By Tammy Linsell (Guest Blogger for October)
To be on stage completely by yourself and engage and absorb an audience for well over an hour is a rare skill. Stand up comedians and after dinner speakers do it, but to my mind that is very different to carrying the responsibility of being a solo actor telling a story in the form of a play. I’ve seen this done only once before, and that was Pamela Power in Shirley Valentine. She was excellent but she didn’t write the words – Willy Russell did it for her.
Ian Mclaughlin both wrote and performed Good Timin’ and I was fortunate enough to see him on his opening night at Live Theatre yesterday evening. I hadn’t read a great deal about Good Timin’ beforehand and I wasn’t sure how much of the content was autobiographical, but now I understand that this is the true story of Ian’s search for his father, whom he met only once when he was a baby. Ian’s mother gave birth to him when she was just seventeen, and though his father Colin knew about Ian and wanted to be involved in bringing him up, circumstances dictated otherwise. Later in life Ian set about trying to find Colin, and discovered that they looked alike and shared the same interests, posing the nature vs nurture question. Are our characteristics defined by our upbringing, or is it the thread of DNA running down our ancestral line? Much more than that I can’t really tell you because there were some twists in the narrative which I don’t want to give away.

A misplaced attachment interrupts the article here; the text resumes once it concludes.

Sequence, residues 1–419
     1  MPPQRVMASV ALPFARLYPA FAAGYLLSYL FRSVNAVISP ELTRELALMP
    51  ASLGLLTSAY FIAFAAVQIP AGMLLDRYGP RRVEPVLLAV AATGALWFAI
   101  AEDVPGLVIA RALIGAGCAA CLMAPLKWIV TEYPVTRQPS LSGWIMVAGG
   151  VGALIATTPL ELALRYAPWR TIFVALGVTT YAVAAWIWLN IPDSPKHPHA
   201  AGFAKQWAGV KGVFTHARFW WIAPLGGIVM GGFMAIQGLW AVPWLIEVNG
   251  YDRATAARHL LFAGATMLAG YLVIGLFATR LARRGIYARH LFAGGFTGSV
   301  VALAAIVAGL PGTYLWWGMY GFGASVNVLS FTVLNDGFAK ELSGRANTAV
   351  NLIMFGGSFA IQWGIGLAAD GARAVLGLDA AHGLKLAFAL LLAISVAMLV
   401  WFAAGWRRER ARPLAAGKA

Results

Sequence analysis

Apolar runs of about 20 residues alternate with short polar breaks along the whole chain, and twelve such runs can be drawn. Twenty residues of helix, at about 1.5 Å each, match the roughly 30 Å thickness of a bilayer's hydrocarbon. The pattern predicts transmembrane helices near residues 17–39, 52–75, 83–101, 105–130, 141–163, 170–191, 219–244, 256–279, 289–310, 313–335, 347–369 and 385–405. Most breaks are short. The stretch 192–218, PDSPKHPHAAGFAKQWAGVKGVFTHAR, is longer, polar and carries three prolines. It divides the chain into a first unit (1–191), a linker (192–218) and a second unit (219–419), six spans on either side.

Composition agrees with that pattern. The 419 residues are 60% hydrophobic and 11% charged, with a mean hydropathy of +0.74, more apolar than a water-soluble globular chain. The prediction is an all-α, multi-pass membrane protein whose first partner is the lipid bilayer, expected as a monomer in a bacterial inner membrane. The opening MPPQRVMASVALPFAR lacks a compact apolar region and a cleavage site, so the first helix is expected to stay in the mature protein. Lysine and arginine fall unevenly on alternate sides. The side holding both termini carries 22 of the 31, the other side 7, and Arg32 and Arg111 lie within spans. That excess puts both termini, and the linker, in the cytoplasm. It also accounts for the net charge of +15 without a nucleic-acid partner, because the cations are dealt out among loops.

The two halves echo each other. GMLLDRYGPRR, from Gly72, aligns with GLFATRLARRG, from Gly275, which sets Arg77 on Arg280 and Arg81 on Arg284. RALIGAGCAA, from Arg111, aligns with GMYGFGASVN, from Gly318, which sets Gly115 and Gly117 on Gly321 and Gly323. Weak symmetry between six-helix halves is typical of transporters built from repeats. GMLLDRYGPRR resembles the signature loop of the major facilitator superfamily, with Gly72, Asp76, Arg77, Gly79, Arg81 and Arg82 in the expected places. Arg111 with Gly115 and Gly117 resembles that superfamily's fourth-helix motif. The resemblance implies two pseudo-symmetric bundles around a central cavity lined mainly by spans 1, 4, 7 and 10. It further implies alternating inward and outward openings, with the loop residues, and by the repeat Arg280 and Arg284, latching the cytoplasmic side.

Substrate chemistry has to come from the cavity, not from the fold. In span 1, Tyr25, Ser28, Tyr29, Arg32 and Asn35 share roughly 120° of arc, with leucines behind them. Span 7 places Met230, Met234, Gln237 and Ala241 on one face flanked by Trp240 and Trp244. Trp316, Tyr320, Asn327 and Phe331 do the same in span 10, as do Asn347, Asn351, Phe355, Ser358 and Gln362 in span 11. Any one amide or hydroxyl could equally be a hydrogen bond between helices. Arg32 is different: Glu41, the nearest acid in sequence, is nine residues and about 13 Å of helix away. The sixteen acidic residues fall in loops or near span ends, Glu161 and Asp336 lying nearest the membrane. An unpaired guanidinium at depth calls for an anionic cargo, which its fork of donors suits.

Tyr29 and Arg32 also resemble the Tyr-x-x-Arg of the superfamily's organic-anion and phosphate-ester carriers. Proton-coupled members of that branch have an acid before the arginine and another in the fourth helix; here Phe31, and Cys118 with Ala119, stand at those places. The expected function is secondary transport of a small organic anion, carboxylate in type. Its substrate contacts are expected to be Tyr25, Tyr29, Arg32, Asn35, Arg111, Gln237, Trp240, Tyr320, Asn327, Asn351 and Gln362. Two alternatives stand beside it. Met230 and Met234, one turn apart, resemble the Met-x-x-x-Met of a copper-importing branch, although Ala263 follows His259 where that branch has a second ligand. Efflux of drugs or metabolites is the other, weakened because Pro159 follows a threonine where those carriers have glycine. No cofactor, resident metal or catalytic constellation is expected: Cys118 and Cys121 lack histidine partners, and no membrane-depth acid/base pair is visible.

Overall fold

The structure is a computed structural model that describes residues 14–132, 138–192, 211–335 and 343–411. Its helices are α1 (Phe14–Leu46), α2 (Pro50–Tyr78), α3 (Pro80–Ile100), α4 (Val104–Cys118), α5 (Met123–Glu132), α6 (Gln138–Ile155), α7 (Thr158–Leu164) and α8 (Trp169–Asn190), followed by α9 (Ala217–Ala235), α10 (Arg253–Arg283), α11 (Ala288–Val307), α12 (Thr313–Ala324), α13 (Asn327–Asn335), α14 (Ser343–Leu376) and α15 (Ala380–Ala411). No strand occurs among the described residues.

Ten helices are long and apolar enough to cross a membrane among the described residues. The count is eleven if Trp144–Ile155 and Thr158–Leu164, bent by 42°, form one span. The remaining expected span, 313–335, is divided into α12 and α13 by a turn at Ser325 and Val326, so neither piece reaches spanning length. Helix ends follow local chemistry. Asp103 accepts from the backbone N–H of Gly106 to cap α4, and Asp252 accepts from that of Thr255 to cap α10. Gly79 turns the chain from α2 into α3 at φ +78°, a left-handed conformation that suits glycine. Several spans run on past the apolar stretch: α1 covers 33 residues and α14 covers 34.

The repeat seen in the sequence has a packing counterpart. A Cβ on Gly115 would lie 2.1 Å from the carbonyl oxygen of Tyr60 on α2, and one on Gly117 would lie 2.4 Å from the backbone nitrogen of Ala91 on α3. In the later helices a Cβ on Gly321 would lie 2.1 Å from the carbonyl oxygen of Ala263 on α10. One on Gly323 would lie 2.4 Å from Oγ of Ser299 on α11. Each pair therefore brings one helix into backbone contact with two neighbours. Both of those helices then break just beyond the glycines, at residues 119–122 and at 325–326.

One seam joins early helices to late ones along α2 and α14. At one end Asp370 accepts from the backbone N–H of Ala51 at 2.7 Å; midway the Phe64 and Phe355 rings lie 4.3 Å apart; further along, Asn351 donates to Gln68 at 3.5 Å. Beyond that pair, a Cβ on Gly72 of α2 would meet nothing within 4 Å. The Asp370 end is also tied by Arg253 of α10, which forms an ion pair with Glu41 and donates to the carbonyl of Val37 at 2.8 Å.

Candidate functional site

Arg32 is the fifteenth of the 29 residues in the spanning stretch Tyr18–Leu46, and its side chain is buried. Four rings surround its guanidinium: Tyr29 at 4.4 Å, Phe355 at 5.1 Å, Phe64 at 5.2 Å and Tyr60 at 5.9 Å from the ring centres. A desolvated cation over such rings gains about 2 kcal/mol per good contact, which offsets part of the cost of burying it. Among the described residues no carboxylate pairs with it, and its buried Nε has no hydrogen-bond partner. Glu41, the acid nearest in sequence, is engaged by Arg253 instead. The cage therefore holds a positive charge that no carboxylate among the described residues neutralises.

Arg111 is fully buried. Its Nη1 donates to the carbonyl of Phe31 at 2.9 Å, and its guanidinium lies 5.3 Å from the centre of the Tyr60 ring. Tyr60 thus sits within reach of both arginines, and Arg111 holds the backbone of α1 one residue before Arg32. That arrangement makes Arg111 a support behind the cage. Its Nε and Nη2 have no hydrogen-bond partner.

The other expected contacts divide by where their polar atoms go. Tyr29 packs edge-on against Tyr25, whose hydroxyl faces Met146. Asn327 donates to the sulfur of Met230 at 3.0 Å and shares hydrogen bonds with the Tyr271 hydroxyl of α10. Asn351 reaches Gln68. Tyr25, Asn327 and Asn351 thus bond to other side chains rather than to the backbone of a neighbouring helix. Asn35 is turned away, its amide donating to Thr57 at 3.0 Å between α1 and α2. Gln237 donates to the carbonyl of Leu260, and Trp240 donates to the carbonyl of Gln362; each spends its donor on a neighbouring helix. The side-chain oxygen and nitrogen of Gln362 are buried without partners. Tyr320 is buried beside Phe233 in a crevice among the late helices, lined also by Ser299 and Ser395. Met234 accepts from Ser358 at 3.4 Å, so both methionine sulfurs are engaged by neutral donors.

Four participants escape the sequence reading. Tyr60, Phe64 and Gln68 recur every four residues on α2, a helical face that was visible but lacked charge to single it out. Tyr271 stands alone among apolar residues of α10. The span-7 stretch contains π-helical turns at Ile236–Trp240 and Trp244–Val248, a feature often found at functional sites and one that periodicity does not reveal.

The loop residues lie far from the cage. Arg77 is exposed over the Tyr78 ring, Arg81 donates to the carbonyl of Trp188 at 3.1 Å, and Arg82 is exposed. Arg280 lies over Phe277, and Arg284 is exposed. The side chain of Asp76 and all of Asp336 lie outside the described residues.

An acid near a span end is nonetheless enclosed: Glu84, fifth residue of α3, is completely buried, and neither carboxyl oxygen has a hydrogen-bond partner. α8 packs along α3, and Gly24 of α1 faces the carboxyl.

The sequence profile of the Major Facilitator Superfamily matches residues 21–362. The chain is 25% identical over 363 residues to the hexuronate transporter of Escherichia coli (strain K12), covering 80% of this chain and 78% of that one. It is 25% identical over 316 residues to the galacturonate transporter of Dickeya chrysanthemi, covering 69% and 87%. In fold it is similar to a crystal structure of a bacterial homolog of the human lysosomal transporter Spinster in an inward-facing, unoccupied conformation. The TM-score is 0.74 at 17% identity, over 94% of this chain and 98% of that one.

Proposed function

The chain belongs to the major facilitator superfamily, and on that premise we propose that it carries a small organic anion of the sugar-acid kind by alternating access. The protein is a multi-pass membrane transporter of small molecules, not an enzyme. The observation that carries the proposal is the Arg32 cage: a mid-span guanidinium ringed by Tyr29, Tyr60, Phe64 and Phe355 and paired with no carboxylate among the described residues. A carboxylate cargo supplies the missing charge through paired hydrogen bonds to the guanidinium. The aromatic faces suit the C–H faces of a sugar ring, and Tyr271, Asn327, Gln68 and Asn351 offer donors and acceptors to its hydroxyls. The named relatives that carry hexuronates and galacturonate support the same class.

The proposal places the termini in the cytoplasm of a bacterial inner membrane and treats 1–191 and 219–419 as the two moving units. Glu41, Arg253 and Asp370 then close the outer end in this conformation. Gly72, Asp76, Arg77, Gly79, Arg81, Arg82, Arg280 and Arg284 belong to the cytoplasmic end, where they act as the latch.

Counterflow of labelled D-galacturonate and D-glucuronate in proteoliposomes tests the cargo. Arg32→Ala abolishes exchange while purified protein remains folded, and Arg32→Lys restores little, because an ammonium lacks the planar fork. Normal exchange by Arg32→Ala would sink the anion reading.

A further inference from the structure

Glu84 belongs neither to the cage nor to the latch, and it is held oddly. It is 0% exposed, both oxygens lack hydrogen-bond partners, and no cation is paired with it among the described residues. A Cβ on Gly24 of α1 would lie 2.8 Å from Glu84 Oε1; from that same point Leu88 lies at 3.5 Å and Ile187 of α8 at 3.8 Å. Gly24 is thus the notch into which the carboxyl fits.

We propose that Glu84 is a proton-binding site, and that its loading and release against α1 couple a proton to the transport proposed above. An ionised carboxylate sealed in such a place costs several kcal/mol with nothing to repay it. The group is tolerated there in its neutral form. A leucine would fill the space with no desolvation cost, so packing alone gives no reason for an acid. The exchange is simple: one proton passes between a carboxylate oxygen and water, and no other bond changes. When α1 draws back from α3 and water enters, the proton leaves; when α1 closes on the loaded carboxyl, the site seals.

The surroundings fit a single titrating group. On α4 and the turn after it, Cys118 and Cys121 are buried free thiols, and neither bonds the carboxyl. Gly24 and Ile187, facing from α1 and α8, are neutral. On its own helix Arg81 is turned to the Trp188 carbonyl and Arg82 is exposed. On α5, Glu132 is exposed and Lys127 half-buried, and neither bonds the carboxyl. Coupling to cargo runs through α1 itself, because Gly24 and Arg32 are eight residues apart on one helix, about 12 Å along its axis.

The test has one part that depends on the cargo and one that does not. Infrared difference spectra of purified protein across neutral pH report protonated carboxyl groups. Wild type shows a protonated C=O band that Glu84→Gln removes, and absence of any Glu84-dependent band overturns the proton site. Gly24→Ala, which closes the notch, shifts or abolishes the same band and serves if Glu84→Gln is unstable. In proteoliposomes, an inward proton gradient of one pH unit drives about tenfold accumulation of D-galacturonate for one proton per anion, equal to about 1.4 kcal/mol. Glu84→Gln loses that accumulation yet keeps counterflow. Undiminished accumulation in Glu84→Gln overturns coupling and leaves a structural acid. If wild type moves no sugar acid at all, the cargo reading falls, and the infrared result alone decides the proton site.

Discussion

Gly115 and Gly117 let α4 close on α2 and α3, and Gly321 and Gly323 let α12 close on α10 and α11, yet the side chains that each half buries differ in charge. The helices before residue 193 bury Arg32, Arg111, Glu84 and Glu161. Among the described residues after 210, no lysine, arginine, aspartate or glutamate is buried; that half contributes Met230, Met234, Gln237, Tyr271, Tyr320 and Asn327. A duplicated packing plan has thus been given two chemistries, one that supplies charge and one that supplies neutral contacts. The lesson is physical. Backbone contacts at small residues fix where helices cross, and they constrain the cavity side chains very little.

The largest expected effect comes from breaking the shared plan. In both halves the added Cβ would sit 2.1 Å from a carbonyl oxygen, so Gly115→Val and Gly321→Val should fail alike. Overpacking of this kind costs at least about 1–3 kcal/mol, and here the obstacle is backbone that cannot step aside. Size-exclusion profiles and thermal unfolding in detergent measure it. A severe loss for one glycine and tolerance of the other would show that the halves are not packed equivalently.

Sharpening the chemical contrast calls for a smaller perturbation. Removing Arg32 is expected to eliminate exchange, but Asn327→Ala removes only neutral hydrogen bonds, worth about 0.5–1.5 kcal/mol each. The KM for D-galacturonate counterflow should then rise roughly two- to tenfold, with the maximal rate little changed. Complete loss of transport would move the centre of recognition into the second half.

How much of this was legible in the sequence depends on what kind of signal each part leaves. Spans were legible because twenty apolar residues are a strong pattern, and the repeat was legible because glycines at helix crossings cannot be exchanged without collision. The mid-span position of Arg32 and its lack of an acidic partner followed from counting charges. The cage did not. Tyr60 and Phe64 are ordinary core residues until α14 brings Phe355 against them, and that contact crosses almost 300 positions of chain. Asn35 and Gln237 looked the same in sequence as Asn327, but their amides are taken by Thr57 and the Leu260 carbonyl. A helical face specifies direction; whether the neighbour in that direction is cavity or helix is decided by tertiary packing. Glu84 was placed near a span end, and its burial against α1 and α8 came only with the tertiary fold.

The play has wonderful humour and many things to which we can identify. Silly things, such as how Ian meticulously arranged food on his plate when he was a kid, I used to do that too; then suddenly it turns and evokes a keen sense of sadness and regret at missed opportunities, and the folly of procrastination. Don’t we all do that as well? Do things today, tell people you love them now, don’t leave it until tomorrow and don’t be too proud to make the first move.
Good Timin’ is directed by Max Roberts who also directed the brilliant Wet House. There’s a small part in the play of Ian as a boy, very well acted by Finn Burridge.
I particularly liked the use of the sound and video sequences, and the set which was designed by Amy Watts and the creative team of lighting and sound technicians. It wonderfully complemented Ian’s ability to mime, transporting us back to 1962 and on through the decades to the present day. All in keeping with what I’ve learnt to expect from Live Theatre and the teams working there who bring everything together.
Good Timin’ is on at Live Theatre until Saturday 25 October. Plus, on Friday 24 October join writer and performer Ian Mclaughlin and director Max Roberts as they discuss the process of taking Good Timin’ in the Meet the Team event (following the show). Find out more and buy tickets.